For the Turkish painter Erkut Terliksiz the past two years were marked with middle-aged man’s concerns emphasized with the experience of life in the age of the global pandemic. This prompted the artist to contemplate the mortality and fragileness of our existence as he approached the body of paintings that comprises his Italian solo debut Ding Dong Daddy which is currently on view at Plan X gallery in Milan.

But instead of allowing his work to sink into the alluring gloom of correlative emotions, Terliksiz switched things around. In an effort to seize people’s attention, trigger emotions, and make them smile, he reached for the brightest shades of colors from his surroundings, borrowed the language and the aesthetics of vintage cartoons, and employed the Cubists’ multitude of viewpoints. Keeping the ambiguity of the dispirited state and allowing for a full range of influences to surface in the work, he filled up the visuals with playful, in-joke hints and coded messages for his son. Creating somewhat of a pictorial personal letter, he even borrowed their household catchphrase Ding Dong Daddy as a suggestion or an announcement of a new arrival. And this positivity towards the new and the unknown obscured the underlying difficult sentiments, passing them into the hands and heads of naive-looking creatures and characters.

It was the pioneers of Romanticism in the early 19th century that originally proposed a step back towards humanity’s pure roots, the appreciation and the glorification of the sublime nature’s beauty, along with an emphasis on the most intense emotions. Prompted by the great movements and events taking place around the world, their humane response to modernity had put its focus on celebrating and encouraging the understated sense of individuality. Be it in form of individual thinking, creativity, reactions, or experiences, such as those of young Werther, whose unrequited love-fuelled sorrows were chronicled by Johann Wolfgang von Goethe. And it was this famed novel that recently resonated with Terliksiz, yet due to his own experiences, his concern has been put on the sorrows of troubled Lotte. By exploring the other side of the acclaimed story, the eponymous series of paintings is also giving voice to the burdened women from his imminent surroundings.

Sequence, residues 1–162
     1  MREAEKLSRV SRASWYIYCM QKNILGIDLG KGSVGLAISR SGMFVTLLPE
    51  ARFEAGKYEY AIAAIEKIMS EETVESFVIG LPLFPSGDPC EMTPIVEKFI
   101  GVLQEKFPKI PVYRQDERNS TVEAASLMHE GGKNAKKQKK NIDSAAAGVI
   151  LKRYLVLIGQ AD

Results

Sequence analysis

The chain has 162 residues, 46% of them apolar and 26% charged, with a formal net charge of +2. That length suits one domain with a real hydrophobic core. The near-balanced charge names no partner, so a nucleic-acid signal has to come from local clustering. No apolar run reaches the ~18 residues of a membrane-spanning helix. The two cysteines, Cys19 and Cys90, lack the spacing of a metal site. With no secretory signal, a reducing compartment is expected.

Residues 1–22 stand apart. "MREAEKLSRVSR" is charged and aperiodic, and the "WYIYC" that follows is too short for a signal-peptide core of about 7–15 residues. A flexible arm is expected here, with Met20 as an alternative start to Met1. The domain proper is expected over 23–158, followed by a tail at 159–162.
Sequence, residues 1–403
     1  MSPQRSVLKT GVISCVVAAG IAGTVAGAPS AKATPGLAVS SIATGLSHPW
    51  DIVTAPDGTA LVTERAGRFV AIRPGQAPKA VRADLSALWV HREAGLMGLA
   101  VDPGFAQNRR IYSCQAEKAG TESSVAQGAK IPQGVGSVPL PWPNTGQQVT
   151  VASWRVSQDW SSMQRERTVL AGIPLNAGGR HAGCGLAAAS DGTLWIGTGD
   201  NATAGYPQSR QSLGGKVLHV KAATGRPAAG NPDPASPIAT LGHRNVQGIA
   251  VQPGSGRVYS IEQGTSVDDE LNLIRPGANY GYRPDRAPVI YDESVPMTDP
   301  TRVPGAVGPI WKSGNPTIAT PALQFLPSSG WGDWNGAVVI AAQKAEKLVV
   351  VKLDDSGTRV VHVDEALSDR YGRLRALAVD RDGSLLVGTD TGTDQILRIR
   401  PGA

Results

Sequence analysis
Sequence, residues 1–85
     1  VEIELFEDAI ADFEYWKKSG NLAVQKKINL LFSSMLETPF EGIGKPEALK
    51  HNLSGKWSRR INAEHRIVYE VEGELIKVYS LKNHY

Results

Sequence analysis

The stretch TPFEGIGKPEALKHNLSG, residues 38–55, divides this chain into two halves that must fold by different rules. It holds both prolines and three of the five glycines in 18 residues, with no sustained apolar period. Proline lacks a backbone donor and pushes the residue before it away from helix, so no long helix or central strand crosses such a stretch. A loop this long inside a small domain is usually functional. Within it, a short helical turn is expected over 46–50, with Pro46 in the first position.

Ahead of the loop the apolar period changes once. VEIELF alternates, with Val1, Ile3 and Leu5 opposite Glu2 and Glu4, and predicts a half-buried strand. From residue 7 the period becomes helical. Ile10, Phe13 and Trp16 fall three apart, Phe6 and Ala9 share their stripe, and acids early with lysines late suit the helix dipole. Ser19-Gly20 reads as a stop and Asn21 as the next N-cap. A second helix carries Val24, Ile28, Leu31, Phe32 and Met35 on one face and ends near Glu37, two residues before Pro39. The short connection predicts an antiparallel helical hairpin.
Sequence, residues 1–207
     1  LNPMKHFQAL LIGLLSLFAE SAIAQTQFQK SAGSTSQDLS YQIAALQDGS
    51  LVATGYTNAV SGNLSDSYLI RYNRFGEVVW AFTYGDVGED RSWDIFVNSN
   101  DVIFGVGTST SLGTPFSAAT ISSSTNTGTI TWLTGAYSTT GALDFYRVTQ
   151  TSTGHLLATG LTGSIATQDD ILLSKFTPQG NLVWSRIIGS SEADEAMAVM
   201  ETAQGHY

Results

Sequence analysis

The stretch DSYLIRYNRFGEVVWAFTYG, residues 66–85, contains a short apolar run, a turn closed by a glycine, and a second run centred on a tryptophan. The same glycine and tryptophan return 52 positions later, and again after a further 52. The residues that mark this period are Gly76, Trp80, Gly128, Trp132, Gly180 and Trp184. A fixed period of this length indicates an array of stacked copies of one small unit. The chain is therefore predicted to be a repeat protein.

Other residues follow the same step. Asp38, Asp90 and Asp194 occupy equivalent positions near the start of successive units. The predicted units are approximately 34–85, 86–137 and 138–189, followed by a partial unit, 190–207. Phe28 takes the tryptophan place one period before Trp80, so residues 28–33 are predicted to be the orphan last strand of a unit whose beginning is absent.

Besides the graphic design background, Terliksiz’s catalysts include video games and digital culture cross-sections, Robert Crumb’s comics, old Disney or Max Fleischer cartoon scene drawings, as well as oeuvres and concepts developed by the likes of Picasso, Guston, or Condo. Such a varied range of influences reveals itself in the ways the scenes and perspectives are laid out, in the light setting swathing the scenery, or the ways that characters’ faces are disrupted with a Cubist-like precision and attitude, and even the title of the show turned out to be a coincidental nod to Crumb. But what wasn’t a coincidence was that such a blend of elements happened in the studio located on the historical bridge between Europe and Asia. Stimulated by the eclectic mix of cultural identities and socio-economic extremes, Terliksiz allowed for the liveliness of his creativity to flow, shapeshift, and expand, “paintgenireeing” his implausible yet captivating world along the way. —Sasha Bogojev